This past Saturday I had 14 miles on the schedule, which was meant to be run at a moderately easy pace (I was thinking 9:00-9:15 min/mile). After reading Michele’s post last week about glycogen depleted runs, I decided to try running my 14 miles fasted.
If you haven’t already read the post, I recommend you do. There are also links to some other articles about this strategy. Basically what you are doing is not eating before or during a shorter-long run and training your body to burn fat as fuel rather than glycogen from carbs that you’ve eaten.
When I started training for marathons and running long on the weekends I wanted to figure out what I could eat before and during my runs that would sit well in my stomach and fuel me through. For a few years I ate either a half or a whole bagel with peanut butter and a banana about 1-2 hours before my run. This worked for me and as long as I gave myself time to digest my stomach felt fine. I learned to like Gu and other gels (but does anyone really “like” them?) I think I was pretty dependent on using carbs as fuel for my runs because I was giving my body plenty of them.
My fueling strategy worked well for marathons #1 and #2. When I ran #3 (Baltimore) in October 2013 I went out a little too fast (the early downhills got to me) and I hit the wall around mile 15. This was really early to be hitting the wall and I knew I was in trouble. I was eating everything I could and drinking lots of water. I remember even taking swedish fish from someone handing them out on the course which I had never eaten while running before. They were ok but I remember thinking it was really hard to chew while I was running. Anyway, I walked alot but finished the race and added lots of time on at the end so the faster early miles ended up not helping me at all. I learned my lesson in pacing there.
So when I read about glycogen depleted runs I thought it would be good to try. I have actually naturally been eating less before and during my runs lately anyway, because I have found it trickier to find paleo friendly foods to eat before and during a run. I have a banana before my harder workouts or longer runs and nothing but coffee and water before short easy runs. This had been fine when I wasn’t really training and my mileage was lower. I hadn’t brought gels on most of my runs either since they hadn’t been very long. I tried Powerbar Performance Energy Blends which are all natural during my 13 miler last week.
On Friday night before my 14 miler I ate pasta with meatballs and salad. I hadn’t eaten pasta in a while but I started again before some of my longer runs. I think its just a mental thing that it fuels my runs better than something like sweet potatoes but since it doesn’t cause me any problems I will probably continue to eat it. I also had a couple of paleo cookies before bed.
I woke up a little after 5 (I didn’t set an alarm but I knew the earlier I could get up and get out the door the better). I made a cup of coffee and drank about half of it and water while I got ready. I did a quick warm up and was out the door at 5:30.
I think my biggest problem with trying a fasted long run was knowing I hadn’t eaten and expecting to feel awful. I wore my camelbak filled with water and brought some gels just in case. The first 5 miles were ok but I was already wondering if I would be able to survive the run without fuel. I was also worried that even if I took the gels that it would be too late and I wouldn’t be able to finish. I also haven’t been running with music, so I was way too focused on this fueling thing most of the time. There wasn’t much to distract me.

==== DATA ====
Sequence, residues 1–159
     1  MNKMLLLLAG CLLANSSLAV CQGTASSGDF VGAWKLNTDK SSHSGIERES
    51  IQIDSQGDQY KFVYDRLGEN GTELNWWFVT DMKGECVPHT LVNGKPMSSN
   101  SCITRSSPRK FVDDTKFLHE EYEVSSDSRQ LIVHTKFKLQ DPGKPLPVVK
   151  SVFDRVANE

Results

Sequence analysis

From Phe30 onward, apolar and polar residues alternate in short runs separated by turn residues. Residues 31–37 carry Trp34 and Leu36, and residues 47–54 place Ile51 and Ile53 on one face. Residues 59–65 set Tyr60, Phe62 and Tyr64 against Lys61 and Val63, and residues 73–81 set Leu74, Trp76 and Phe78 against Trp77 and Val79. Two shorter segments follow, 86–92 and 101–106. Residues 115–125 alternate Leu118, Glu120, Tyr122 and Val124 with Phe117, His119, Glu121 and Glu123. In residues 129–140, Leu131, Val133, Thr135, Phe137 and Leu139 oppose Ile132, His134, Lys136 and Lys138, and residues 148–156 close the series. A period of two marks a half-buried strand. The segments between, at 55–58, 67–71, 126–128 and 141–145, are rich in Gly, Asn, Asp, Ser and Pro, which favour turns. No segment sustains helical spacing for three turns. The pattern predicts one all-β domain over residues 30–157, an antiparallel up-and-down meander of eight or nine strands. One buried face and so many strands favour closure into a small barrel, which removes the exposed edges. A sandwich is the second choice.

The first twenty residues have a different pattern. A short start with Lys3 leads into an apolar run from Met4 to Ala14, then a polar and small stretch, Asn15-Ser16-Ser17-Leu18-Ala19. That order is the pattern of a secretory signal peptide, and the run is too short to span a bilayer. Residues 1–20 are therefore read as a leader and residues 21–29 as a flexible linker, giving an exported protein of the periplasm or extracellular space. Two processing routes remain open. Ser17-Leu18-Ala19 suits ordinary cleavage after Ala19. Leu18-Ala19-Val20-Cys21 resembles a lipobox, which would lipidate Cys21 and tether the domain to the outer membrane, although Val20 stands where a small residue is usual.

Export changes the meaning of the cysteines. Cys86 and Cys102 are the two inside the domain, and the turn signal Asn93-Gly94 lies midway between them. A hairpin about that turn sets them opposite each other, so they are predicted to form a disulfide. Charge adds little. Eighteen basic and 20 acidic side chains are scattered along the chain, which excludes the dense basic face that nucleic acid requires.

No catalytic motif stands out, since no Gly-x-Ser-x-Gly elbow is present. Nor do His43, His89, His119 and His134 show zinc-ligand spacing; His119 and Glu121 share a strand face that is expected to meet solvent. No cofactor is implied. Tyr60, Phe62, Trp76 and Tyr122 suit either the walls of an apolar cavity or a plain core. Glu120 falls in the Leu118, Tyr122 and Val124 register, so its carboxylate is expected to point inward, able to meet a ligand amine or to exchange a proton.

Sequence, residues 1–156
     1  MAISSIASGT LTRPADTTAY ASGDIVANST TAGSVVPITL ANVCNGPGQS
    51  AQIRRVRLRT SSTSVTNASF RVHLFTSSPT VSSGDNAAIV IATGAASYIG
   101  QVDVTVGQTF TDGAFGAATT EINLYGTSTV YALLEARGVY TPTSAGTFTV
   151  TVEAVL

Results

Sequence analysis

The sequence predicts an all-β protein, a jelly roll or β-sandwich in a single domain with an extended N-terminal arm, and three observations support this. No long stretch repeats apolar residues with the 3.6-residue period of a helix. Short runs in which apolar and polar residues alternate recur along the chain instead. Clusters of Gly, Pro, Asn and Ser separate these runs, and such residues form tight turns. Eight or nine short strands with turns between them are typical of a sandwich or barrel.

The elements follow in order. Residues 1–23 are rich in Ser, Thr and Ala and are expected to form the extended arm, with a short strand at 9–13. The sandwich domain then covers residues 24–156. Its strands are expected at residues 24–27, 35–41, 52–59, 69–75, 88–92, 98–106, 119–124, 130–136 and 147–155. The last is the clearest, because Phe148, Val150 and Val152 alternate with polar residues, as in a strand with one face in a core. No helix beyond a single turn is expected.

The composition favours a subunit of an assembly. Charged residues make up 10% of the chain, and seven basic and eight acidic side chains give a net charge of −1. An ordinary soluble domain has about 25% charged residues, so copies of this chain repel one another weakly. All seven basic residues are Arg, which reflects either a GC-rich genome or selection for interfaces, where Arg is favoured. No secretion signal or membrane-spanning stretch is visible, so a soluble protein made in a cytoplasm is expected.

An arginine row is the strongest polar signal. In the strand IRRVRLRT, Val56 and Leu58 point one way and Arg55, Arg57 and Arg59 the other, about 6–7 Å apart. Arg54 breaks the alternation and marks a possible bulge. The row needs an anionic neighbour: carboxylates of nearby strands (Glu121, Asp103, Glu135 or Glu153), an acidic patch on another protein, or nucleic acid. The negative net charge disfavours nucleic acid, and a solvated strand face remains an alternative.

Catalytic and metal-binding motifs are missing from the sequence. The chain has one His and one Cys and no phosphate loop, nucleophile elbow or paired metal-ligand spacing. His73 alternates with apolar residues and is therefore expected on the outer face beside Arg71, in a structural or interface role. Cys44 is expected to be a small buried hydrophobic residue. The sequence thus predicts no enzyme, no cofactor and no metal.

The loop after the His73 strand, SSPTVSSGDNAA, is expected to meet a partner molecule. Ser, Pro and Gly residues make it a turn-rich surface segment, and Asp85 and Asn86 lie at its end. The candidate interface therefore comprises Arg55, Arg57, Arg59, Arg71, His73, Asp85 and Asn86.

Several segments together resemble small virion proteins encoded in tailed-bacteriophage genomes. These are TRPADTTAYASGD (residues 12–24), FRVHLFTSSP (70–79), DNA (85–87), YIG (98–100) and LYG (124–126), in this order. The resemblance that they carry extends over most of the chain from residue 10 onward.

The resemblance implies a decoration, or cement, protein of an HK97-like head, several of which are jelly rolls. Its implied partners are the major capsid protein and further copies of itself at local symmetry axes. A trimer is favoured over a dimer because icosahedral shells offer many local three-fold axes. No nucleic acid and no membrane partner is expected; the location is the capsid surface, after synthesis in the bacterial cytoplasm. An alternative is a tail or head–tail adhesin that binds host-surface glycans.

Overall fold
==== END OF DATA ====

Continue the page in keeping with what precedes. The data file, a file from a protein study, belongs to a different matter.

After 5 miles I was starting to pick up the pace a little but told myself as long as I made it until mile 10 (1.5 hours) I could take a gel but it would still count as a fasted run. I have no idea if it would have- but it did make me feel better.
Once I hit 10 miles I was sort of shocked that my pace had continued to drop and I really wanted to finish without fuel. The last 2 miles were the hardest. It was pretty much the feeling I had during the Baltimore Marathon when I hit the wall. However, its much easier to push through a final 2 miles on flat ground than 9 hilly miles. I actually started to physically feel hungry during the last mile.
The weird thing was, when I stopped I wasn’t dying for food like I expected. I actually didn’t really want to eat but knew I had to. So I made a smoothie and drank it while I cooled down and did the myrtle routine. I had made extra eggs/bacon/veggies the day before so I heated those up and ate them about 30 minutes after finishing. After I showered I ate a Luna Bar (I usually don’t eat them but felt like I needed to eat something else). I started to feel a little better at this point. I finished my run at 7:30 and had eaten all of that stuff by 9. I ate some leftovers for lunch around 11:30.
I felt pretty good throughout the day on Saturday but when I woke up in the middle of the night on Saturday to use the bathroom my legs felt really sore. Surprisingly, when I woke up on Sunday morning they felt ok. Maybe my body was just working hard to repair my muscles while I was sleeping and that’s what I felt.
Now that I have done a fasted 14 mile run, I am hopefully past the mental barrier of being able to do it. I wouldn’t try this for anything longer that 14 miles anyway. I may do this for some of my easy longer weekday runs (some get up to 8-9 miles). I think between doing a few fasted runs and eating less in general before and during running, I should be better able to fuel my runs and avoid the wall. But only time will tell!
Have you ever tried a fasted/glycogen depleted long run?
Have you ever hit the wall during a race?